Addition of transcription activator-like effector binding sites to a pathogen strain-specific rice bacterial blight resistance gene makes it effective against additional strains and against bacterial leaf streak
Article first published online: 2 JUL 2012
© 2012 The Authors. New Phytologist © 2012 New Phytologist Trust
Volume 195, Issue 4, pages 883–893, September 2012
How to Cite
Hummel, A. W., Doyle, E. L. and Bogdanove, A. J. (2012), Addition of transcription activator-like effector binding sites to a pathogen strain-specific rice bacterial blight resistance gene makes it effective against additional strains and against bacterial leaf streak. New Phytologist, 195: 883–893. doi: 10.1111/j.1469-8137.2012.04216.x
- Issue published online: 2 AUG 2012
- Article first published online: 2 JUL 2012
- Received: 15 March 2012, Accepted: 22 May 2012
- effector-triggered immunity;
- gene regulation;
- plant disease resistance;
- R gene;
- resistance gene;
- TAL effector;
- •Xanthomonas transcription activator-like (TAL) effectors promote disease in plants by binding to and activating host susceptibility genes. Plants counter with TAL effector-activated executor resistance genes, which cause host cell death and block disease progression. We asked whether the functional specificity of an executor gene could be broadened by adding different TAL effector binding elements (EBEs) to it.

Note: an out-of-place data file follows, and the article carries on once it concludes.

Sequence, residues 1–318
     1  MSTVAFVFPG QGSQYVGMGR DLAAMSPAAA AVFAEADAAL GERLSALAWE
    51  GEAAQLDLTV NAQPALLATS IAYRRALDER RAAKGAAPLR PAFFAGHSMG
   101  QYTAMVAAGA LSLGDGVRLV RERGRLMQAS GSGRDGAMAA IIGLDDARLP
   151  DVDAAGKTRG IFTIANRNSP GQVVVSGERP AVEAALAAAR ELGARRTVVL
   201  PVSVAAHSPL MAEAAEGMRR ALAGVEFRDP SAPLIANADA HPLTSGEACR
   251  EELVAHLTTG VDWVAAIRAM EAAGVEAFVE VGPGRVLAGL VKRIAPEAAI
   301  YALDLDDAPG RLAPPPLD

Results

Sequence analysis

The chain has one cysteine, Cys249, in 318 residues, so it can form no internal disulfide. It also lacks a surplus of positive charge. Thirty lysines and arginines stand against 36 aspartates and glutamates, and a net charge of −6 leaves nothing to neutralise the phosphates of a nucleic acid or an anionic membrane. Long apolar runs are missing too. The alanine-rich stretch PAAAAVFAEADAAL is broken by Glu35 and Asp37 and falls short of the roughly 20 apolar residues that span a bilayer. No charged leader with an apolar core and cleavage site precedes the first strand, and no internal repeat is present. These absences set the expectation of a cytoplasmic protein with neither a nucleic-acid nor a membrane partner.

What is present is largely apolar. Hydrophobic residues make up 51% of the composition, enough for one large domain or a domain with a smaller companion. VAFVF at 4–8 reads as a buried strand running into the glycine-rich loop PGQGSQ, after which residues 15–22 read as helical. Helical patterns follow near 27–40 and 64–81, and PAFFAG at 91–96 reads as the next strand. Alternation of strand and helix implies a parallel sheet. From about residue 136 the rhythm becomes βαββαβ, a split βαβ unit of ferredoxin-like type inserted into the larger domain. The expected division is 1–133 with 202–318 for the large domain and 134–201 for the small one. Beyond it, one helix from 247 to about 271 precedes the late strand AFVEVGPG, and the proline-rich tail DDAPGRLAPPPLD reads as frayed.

- •We added six EBEs to the rice Xa27 gene, which confers resistance to strains of the bacterial blight pathogen Xanthomonas oryzae pv. oryzae (Xoo) that deliver the TAL effector AvrXa27. The EBEs correspond to three other effectors from Xoo strain PXO99A and three from strain BLS256 of the bacterial leaf streak pathogen Xanthomonas oryzae pv. oryzicola (Xoc).
- •Stable integration into rice produced healthy lines exhibiting gene activation by each TAL effector, and resistance to PXO99A, a PXO99A derivative lacking AvrXa27, and BLS256, as well as two other Xoo and 10 Xoc strains virulent toward wildtype Xa27 plants. Transcripts initiated primarily at a common site. Sequences in the EBEs were found to occur nonrandomly in rice promoters, suggesting an overlap with endogenous regulatory sequences.
- •Thus, executor gene specificity can be broadened by adding EBEs, but caution is warranted because of the possible coincident introduction of endogenous regulatory elements.